# Dropping three bodies

Consider the usual three-body problem with Newtonian $1/r^2$ force between masses. Let the three masses start off at rest, and not collinear. Then they will become collinear a finite time later by a theorem I proved some time ago. (See the papers "Infinitely Many Syzygies" and "The zero angular momentum three-body problem: all but one solution has syzygies" available on my web site or the arXivs.) Let $t_c$ denote the first such time.

Write $r_{ij} (t)$ for the distance between mass $i$ and mass $j$ at time $t$.

Question 1. For general masses $m_i >0$, is it true that the "moment of inertia" $I = m_1 m_2 r_{12}^2 + m_2 m_3 r_{23}^2 + m_1 m_3 r_{13}^2$ monotonically decreases over the interval $(0, t_c)$?

Question 2. If the masses are all equal and if the initial side-lengths satsify $0 < r_{12}(0) < r_{23} (0)< r_{13} (0)$
is it true that these inequalities remain in force: $0 < r_{12} (t) < r_{23} (t) < r_{13}(t)$ for $0 < t < t_c$? In other words: if the triangle starts off as scalene (not isosceles, and having nonzero area) does it remain scalene up to collinearity?

Motivation: The space of collinear triangles, consisting of triangles of zero area, acts like a global Poincare section for the zero-angular momentum, negative energy three-body problem. To obtain some understanding of the return map from this space to itself the "brake orbits"-- those solutions for which all velocities vanish at some instant -- seem to play an organizing role. Answering either questions would yield useful information about brake orbits.

Aside: I suspect that if the answers to either question is yes for the standard $1/r^2$ force, then it is also yes for any attractive "power law" $1/r^a$ force between masses, any $a > 0$.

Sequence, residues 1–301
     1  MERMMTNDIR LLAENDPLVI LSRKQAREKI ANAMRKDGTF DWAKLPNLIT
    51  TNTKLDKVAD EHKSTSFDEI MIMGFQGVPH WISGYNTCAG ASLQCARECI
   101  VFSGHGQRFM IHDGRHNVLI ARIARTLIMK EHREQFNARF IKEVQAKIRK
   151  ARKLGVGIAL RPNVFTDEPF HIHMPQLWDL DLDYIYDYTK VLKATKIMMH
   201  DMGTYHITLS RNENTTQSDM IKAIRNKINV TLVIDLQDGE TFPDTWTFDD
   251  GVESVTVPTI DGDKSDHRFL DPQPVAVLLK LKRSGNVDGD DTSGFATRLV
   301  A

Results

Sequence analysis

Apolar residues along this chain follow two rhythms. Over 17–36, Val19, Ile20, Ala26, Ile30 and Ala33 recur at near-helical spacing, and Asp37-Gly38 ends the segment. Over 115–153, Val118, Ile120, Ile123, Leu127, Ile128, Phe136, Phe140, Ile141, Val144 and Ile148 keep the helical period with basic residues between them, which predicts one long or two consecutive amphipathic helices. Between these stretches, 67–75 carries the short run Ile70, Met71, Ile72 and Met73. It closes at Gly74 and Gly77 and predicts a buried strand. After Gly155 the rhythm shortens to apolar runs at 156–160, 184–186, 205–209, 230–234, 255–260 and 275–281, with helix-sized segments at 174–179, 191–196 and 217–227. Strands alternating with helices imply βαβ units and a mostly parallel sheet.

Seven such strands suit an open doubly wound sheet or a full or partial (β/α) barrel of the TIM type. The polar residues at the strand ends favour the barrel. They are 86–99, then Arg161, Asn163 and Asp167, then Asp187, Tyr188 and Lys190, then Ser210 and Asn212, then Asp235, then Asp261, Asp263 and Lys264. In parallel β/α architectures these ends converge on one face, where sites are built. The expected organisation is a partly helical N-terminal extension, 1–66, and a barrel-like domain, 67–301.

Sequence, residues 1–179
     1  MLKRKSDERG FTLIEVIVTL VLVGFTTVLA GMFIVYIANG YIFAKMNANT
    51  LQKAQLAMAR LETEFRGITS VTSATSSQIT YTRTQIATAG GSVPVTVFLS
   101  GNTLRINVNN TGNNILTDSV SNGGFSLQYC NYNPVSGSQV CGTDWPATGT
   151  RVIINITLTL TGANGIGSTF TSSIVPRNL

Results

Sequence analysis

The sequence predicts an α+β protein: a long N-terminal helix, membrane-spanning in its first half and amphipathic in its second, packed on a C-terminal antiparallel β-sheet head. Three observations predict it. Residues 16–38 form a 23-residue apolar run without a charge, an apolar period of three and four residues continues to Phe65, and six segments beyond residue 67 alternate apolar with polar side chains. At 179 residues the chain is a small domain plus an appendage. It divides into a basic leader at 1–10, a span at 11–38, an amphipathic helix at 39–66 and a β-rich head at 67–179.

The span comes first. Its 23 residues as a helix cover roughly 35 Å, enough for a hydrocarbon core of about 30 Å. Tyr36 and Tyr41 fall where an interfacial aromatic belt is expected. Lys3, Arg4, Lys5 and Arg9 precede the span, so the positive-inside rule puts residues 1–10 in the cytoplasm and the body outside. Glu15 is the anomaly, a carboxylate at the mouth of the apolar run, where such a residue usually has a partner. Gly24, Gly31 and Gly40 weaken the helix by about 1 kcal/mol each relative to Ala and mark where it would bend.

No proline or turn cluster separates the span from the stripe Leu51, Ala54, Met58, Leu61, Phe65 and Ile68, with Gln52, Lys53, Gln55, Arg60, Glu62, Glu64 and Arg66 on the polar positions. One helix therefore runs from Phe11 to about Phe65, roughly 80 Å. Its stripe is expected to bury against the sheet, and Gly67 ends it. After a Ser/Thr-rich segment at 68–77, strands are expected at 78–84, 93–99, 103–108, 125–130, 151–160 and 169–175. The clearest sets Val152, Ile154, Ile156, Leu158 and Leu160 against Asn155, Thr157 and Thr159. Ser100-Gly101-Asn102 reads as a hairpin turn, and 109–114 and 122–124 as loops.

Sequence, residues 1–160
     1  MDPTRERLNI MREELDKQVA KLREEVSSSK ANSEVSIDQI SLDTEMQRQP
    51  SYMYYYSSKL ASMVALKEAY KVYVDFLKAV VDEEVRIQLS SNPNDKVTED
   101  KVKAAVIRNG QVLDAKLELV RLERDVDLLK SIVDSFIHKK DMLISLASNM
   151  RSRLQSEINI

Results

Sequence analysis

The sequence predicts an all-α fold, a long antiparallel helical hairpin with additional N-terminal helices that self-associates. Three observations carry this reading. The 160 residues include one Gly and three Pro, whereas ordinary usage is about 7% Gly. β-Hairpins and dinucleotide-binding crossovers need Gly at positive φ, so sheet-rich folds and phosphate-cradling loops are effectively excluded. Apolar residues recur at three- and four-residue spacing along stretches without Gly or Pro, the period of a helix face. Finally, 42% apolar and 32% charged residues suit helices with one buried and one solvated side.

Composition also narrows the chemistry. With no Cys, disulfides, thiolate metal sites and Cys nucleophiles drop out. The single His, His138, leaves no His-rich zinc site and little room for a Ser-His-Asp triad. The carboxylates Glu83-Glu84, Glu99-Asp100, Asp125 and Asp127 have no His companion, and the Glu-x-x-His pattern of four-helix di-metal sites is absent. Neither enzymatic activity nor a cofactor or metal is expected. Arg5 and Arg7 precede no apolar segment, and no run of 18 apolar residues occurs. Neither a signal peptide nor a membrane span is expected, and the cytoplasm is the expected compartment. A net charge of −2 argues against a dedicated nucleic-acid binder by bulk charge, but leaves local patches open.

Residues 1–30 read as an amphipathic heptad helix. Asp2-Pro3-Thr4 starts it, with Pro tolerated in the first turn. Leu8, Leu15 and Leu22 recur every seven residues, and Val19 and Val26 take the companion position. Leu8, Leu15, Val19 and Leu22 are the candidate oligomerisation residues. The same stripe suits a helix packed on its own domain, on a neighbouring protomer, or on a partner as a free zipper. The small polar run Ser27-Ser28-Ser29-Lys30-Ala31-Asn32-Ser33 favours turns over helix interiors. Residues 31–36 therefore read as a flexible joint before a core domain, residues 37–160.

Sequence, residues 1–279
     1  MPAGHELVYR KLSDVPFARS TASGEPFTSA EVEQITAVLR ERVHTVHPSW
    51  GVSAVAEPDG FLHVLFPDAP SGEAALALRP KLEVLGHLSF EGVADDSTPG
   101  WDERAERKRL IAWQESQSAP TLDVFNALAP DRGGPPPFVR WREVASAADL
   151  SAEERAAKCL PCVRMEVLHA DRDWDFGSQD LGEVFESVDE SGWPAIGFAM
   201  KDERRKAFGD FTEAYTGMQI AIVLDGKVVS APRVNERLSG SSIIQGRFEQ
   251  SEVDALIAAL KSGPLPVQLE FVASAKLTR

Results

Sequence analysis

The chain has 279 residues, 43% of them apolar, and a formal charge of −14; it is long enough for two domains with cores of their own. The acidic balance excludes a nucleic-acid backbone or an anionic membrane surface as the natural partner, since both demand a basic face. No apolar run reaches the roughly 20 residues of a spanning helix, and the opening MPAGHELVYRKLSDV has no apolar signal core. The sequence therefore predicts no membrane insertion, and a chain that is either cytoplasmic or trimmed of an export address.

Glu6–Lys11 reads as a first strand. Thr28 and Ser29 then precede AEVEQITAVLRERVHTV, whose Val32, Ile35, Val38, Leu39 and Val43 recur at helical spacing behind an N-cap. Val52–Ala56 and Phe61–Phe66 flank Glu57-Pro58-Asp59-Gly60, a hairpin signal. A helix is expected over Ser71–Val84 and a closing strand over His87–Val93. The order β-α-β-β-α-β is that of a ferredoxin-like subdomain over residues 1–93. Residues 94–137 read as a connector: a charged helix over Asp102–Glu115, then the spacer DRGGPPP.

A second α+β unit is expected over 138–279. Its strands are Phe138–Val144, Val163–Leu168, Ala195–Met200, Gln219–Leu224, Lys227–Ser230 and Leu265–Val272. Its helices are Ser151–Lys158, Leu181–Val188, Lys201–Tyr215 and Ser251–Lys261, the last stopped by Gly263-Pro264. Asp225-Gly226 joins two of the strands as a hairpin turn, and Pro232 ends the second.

added, Sept 20, 2010. The bounty is for an answer to either question 1 or 2.

I've made partial progress toward 2 using variational methods (direct method of the calculus of variations). I can prove that if a syzygy is chosen anywhere in a neighborhood of binary collision (so $r_{12}(t_c) = \delta$, small, $r_{23} (t_) = r_{13}(t_c) + \delta$) then there exists a brake orbit solution arc ending in this syzygy and satisfying the inequality of question 2. The proof suggests, but does not prove, that the result holds locally near isosceles, meaning for brake initial conditions in a neighborhood of isosceles brake initial conditions ( so
$r_{13} (0) = r_{12} (0) + \epsilon$). If I had uniqueness [modulo rotation and reflection] of brake orbits with specified syzygy endpoints, then my proof would yield a proof of this local version of the alleged theorem.
Unfortunately, my proof does not exclude the possibility of more than one orbit ending in the chosen syzygy, one of which violates the inequality.

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I just wanted to chime in to say that this is perhaps the most "gangster" question title on MO. –  Harrison Brown Feb 3 '10 at 6:40
I think the title of the post might be a bit misleading since it could be taken to imply a fourth body. In other words, one could read that as dropping three bodies in a single gravitational field which is a different problem than the one you are proposing (which is a fascinating problem, by the way). –  Ian Durham Feb 3 '10 at 12:32
Can you answer these questions for infinitesimal perturbations of an isosceles configuration? If so, perhaps it would help to restrict the cases on the boundary of those which satisfy those conditions, e.g., ones which become isosceles or singular at the moment of collinearity. –  Douglas Zare Feb 3 '10 at 16:18
@Harrison: As long as Stringer isn't dropping bodies, he's not our problem. –  Sheikraisinrollbank Sep 16 '10 at 10:56
"they will become collinear a finite time later": You hardly need this, but I think this is a remarkable theorem! –  Joseph O'Rourke Sep 20 '10 at 23:00